LinkedList class example in java

LinkedList is the Linked list implementation of the List interface. This class Implements all optional list operations, and permits all elements (including null). In addition to implementing the List interface, the LinkedList class provides uniformly named methods to get, remove and insert an element at the beginning and end of the list. These operations allow linked lists to be used as a stack, queue, or double-ended queue (deque).

All of the stack/queue/deque operations could be easily recast in terms of the standard list operations. They’re included here primarily for convenience, though they may run slightly faster than the equivalent List operations.

All of the operations perform as could be expected for a doubly-linked list. Operations that index into the list will traverse the list from the beginning or the end, whichever is closer to the specified index.

There are two constructors in LinkedList class

LinkedList()

Constructs an empty list.

LinkedList(Collection c)

Constructs a list containing the elements of the specified collection, in the order they are returned by the collection’s iterator.

When to use LinkedList class

As with standard linked list and array operations, the various methods will have different algorithmic runtimes.

For LinkedList

get is O(n)

add is O(1)

remove is O(n)

Iterator.remove is O(1)

LinkedList allows for constant-time insertions or removals, but only sequential access of elements. In other words, you can walk the list forwards or backwards, but grabbing an element in the middle takes time proportional to the size of the list.

The LinkedList is implemented using nodes linked to each other. Each node contains a previous node link, next node link, and value, which contains the actual data. When new data is inserted, a node is inserted and the links of the surrounding nodes are updated accordingly. When one is removed, the same happens – The surrounding nodes are changing their links and the deleted node is garbage collected. This, as well, gives strengths and weaknesses:

Fast manipulation As you’d expect, adding and removing new data anywhere in the list is instantaneous. Change two links, and you have a new value anywhere you want it.

No random access Even though the get(int) is still there, it now just iterates the list until it reaches the index you specified. It has some optimizations in order to do that, but that’s basically it.

LinkedList implements extended abilities to the normal List interface which allows it to add and remove elements from its beginning and end. This makes the LinkedList perfect for Queue and Stack purposes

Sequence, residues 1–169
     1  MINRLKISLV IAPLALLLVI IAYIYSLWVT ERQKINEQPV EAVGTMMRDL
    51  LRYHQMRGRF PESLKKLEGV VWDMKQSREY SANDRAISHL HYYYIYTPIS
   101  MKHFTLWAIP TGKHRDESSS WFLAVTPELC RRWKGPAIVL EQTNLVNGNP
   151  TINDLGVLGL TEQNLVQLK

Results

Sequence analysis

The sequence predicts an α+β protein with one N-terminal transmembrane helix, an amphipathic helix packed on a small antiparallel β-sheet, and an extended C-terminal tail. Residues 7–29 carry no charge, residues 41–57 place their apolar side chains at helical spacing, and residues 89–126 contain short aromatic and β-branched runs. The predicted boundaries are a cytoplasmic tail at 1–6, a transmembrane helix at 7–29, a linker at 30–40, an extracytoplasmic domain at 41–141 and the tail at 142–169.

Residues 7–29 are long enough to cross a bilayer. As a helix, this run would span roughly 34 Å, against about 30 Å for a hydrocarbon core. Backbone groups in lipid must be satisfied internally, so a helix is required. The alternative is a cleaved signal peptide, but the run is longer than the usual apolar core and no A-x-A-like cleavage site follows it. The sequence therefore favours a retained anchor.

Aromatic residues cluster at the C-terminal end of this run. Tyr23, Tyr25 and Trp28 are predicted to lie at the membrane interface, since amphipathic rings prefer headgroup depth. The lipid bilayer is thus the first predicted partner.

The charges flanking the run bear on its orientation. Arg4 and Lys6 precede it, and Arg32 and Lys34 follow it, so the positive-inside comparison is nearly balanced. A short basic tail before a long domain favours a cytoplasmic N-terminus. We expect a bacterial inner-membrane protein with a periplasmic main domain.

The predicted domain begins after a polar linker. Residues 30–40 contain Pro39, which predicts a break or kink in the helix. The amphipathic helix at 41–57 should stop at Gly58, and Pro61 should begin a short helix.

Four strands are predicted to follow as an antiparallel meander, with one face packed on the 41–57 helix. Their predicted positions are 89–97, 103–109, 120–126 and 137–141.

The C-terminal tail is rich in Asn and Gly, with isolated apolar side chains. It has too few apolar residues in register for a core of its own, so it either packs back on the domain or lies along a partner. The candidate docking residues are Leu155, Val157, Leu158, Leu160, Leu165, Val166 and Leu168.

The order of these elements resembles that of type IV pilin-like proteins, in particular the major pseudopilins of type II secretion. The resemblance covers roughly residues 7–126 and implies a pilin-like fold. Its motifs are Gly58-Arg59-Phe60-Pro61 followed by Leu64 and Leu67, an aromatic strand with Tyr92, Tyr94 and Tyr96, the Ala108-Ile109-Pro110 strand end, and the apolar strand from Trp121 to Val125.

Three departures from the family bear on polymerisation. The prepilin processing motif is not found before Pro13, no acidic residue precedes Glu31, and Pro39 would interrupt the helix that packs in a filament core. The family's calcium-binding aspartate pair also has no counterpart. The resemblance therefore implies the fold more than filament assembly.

Example of LinkedList

The below is the example code of LinkedList class.

package com.java.connect.collection;
 
import java.util.LinkedList;
 
public class LinkedListExample {
    public static void main(String[] args) {
        // Create an object of linked list
        LinkedList<string> linkedList = new LinkedList<string>();
        // Add elements to the linked list one by one
        linkedList.add("TEST1");
        linkedList.add("TEST2");
        linkedList.add("TEST3");
        linkedList.add("TEST4");
        linkedList.add("TEST5");
        linkedList.add("TEST6");
        linkedList.add("TEST7");
        linkedList.addLast("LAST");
        // ADD the element in first node
        linkedList.addFirst("FIRST");
        // ADD the element in last node
        linkedList.add(1, "NUMBER1");
 
        System.out.println("Original contents of linkedList : " + linkedList);
        // Itreate all the element one by one
        for (String string : linkedList) {
            System.out.println("The element is " + string);
        }
        // remove elements from the linked list
        linkedList.remove("TEST4");
        linkedList.remove(2);
        System.out.println("Contents of linkedList after deletion: " + linkedList);
        // remove first and last elements
        linkedList.removeFirst();
        linkedList.removeLast();
        System.out.println("linkedList after deleting first and last: " + linkedList);
        // get and set a value
        String value = linkedList.get(2);
        linkedList.set(2, value + " Has been updated");
        System.out.println("linkedList after update: " + linkedList);
    }
}

The output of the above code will be as:

Original contents of linkedList : [FIRST, NUMBER1, TEST1, TEST2, TEST3, TEST4, TEST5, TEST6, TEST7, LAST]
The element is FIRST
The element is NUMBER1
The element is TEST1
The element is TEST2
The element is TEST3
The element is TEST4
The element is TEST5
The element is TEST6
The element is TEST7
The element is LAST
Contents of linkedList after deletion: [FIRST, NUMBER1, TEST2, TEST3, TEST5, TEST6, TEST7, LAST]
linkedList after deleting first and last: [NUMBER1, TEST2, TEST3, TEST5, TEST6, TEST7]
linkedList after update: [NUMBER1, TEST2, TEST3 Has been updated, TEST5, TEST6, TEST7]